Johny Hendricks was never given a stationary target against Stephen Thompson during their brief encounter at UFC Fight Night in Las Vegas this past Saturday night.
“Wonderboy,” meanwhile, had little trouble finding the mark with his versatile, karate-based arsenal as he completely overwhelmed Hendricks en route to a surprisingly easy first-round technical knockout victory. At the post-fight press conference, a perplexed Hendricks longed for the days when he and Robbie Lawler would throw caution to the wind and trade blows in the pocket.
“Robbie is sort of the way that I like to fight,” Hendricks said. “You’re gonna bite down on the mouthpiece, you’re gonna throw, and you’re gonna throw some more, and you’re gonna throw some more...As soon as I felt like I landed something he [Thompson] was like, ‘Screw that, I’m back out.’ If he plays that game [against Lawler] he could do that.”
Of course, the pair of memorable Hendricks-Lawler welterweight title tilts took place all the way back in the Dark Ages of 2014, but the man who ensured “Bigg Rigg” would not be getting back to another championship bout in the near future embodies a different mindset. Thompson didn’t take offense to what could have been perceived as a backhanded compliment.
“I didn’t take them disrespectfully. You’ve got to be stupid to actually stand there and trade blows with somebody as powerful as those guys,” Thompson said during a recent appearance on the Sherdog Radio Network’s “Beatdown” show. “Who likes to get hit? Those guys seem like they love to get hit.
“I want to have my head and my mind sharp after my fighting career. To go out there and bang with somebody like that is just too much of a risk. That’s just not my style. That’s not what I like to do. I love the point game and being able to hit you without getting hit back. Just to see you break from that and frustrate you, that’s my game.”
It’s a style that has paid off for Thompson, who at six straight victories boasts the longest active winning streak in the welterweight division. The South Carolinian has gradually risen to prominence after a loss to Matt Brown in his sophomore Octagon outing slowed the Lyoto Machida karateka comparisons.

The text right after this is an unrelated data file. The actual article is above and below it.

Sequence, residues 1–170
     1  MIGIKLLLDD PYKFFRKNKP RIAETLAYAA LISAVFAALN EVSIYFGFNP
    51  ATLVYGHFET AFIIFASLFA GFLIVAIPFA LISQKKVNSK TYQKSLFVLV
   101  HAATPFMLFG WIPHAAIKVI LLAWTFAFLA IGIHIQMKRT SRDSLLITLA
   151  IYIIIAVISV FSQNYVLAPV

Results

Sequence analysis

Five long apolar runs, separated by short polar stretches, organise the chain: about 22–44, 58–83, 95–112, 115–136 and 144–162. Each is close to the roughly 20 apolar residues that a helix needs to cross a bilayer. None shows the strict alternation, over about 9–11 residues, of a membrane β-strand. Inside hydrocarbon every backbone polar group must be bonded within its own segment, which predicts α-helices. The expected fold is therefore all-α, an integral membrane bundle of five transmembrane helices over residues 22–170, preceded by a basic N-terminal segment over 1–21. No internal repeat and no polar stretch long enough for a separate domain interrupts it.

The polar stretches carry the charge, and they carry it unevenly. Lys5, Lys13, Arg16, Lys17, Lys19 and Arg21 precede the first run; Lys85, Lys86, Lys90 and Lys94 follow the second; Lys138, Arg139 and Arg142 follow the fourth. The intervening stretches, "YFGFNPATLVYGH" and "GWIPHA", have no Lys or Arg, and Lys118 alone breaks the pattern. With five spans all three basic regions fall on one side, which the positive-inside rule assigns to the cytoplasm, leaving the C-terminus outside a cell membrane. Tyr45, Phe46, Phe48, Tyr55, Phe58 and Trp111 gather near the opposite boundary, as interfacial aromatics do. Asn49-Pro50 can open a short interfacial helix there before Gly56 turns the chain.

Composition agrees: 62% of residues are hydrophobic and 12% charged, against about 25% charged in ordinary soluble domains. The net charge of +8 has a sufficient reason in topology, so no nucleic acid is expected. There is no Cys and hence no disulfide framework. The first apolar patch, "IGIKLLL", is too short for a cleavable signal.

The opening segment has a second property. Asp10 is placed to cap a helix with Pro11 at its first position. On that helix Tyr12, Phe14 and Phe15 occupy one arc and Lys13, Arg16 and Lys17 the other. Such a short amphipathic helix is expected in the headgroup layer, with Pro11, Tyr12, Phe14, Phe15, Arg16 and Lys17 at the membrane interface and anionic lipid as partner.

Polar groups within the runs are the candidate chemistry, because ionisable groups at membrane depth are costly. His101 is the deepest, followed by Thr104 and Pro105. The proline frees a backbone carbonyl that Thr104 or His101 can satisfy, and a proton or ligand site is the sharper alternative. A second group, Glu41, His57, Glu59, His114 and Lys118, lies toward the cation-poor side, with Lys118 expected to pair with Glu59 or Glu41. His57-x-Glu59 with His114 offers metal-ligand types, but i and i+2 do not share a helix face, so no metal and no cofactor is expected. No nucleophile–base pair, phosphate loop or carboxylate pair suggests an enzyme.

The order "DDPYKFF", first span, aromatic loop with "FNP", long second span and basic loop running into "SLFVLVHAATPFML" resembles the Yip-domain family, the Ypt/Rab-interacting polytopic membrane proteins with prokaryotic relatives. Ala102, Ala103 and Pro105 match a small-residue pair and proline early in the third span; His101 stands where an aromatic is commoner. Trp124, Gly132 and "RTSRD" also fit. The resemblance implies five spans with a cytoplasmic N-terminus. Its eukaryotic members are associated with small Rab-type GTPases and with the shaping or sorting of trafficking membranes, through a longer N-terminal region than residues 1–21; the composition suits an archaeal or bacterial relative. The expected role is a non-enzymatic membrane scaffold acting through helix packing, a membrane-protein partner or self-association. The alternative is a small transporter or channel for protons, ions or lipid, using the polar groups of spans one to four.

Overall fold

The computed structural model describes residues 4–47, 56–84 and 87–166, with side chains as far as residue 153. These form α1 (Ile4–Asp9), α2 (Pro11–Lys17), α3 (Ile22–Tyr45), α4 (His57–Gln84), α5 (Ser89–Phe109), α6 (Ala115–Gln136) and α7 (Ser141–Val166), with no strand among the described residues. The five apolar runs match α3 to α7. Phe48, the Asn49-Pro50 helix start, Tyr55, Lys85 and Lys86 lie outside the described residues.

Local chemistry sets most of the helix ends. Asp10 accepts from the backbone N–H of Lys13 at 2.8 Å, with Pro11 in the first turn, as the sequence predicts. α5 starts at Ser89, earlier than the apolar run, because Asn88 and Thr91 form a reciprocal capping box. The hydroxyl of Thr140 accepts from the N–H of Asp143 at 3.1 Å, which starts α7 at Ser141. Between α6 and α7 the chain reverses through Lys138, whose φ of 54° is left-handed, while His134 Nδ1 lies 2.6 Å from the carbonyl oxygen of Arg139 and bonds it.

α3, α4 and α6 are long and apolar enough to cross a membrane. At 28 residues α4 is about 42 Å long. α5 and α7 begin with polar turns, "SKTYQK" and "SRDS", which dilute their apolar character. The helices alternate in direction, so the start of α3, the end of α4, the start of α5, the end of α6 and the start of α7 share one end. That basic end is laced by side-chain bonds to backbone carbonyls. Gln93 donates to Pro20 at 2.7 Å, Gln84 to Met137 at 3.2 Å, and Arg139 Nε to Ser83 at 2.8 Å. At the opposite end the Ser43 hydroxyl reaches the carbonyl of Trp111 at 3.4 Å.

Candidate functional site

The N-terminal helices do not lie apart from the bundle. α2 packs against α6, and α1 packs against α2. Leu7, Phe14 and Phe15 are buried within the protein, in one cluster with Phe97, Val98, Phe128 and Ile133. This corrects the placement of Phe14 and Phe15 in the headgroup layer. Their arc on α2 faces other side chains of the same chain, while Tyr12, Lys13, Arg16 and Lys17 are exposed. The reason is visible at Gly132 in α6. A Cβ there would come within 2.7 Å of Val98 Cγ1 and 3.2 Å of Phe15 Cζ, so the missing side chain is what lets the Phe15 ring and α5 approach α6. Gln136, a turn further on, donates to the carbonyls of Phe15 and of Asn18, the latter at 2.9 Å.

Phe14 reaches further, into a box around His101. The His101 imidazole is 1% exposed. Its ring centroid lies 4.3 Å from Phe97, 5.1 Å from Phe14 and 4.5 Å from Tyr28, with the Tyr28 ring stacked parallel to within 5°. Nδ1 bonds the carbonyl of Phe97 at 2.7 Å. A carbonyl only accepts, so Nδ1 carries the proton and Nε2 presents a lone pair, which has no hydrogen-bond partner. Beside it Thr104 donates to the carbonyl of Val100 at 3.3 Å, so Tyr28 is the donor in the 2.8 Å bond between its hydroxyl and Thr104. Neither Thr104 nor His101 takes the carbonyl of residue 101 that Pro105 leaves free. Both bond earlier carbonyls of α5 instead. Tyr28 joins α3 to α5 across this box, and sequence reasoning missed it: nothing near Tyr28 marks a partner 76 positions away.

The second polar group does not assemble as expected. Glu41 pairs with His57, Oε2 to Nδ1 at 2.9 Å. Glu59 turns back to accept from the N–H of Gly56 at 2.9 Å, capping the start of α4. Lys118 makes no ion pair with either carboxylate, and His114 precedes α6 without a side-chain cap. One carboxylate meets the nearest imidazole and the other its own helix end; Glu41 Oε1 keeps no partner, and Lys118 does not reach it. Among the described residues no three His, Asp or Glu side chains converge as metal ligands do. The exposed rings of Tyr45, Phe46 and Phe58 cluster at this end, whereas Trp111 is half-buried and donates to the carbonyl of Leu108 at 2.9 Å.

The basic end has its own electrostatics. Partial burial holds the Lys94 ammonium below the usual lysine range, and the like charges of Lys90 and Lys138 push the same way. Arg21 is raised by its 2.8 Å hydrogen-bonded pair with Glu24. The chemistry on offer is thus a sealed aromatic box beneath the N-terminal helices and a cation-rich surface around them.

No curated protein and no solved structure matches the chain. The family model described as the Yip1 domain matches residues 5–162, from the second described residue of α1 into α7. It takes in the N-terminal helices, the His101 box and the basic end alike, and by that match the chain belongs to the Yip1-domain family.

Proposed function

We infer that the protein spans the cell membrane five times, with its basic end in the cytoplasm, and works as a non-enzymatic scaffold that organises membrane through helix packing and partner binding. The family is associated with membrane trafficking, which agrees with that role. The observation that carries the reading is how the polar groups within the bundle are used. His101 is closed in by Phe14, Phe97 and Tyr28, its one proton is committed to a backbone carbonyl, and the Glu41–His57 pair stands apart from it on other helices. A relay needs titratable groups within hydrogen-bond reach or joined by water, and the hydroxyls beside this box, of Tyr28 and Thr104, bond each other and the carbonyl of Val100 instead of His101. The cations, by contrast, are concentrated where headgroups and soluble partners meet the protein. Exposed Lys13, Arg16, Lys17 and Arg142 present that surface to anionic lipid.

While it seems as though Thompson is an emerging prospect, he turns 33 on Thursday, which explains why he has been so adamant in calling for a title shot following the signature triumph of his professional career. However, that request is not because Thompson feels that Father Time is gaining on him. In fact, “Wonderboy” feels relatively young, something that he credits to a lifetime of smart sparring and fighting.
“I’m gonna do [MMA] as long as my body’s gonna let me. I’ve had a few knee surgeries, but my knees are feeling great and each camp I’m getting better and better. I’m just improving,” he said. “As of right now, it’s feeling great. I don’t feel 33; I feel like I’m 21. I think it’s just a mindset, to be honest with you. I train smart. I’ve got good guys to spar with, guys that are gonna push you but are also not going to try something stupid out there to injure you.”
Thompson cannot relate to the prevalent philosophy of some camps, where consistent full-contact sparring fosters a kill-or-be-killed attitude in practice.
“That’s a lot of these gyms where they go out there and try to beat the crap out of each other. I’ve been to some gyms where they’re wearing the UFC MMA gloves going all out knocking each other out, and that’s just ridiculous,” he said. “It’s why a lot of these guys are young and they don’t have any chins anymore. They’re career is gone because they’ve beaten the crap out of each other. You cannot condition the brain.”
Thompson hasn’t been knocked out in 13 professional MMA bouts, and in eight UFC appearances, has never absorbed more significant strikes than his opponent. The heady approach to training was instilled in “Wonderboy” long before his first cagefighting foray. Under the guidance of his father, Ray Thompson, at Team Upstate Karate, erring on the side of caution has always been the norm, even as the younger Thompson compiled a 57-0 kickboxing ledger.
“It’s something that we’ve always done in our gym. We’ve always trained smart. My dad’s been training kickboxers since as long as long as I can remember -- and world champions, really good guys... Whenever you spar, you want to push each other. You can hit hard to the body but keep it light to the head. Once you lose that jaw, that chin, it’s almost impossible to get that back,” he said. “You can’t get that back. That’s something that’s kind of stuck with us until now. “
Those that aren’t on board with that philosophy are quickly shown the door.
“ Some people listen and some people don’t. Those guys that don’t, they’re not welcome in the gym. We don’t want people getting hurt. We don’t want to be that gym where you feel like you have to fend for your life every time you step on that mat,” Thompson said. “...You’ve got guys coming in late in the game, maybe they were the man in another sport, they come in and they feel like they have something to prove every time they step out on the mat. That’s not what being a martial artist is all about.
“It’s definitely worked so far. All our fighters have moved on and nobody has left our gym with any head trauma. If you want to keep fighting, that’s what you have to do. “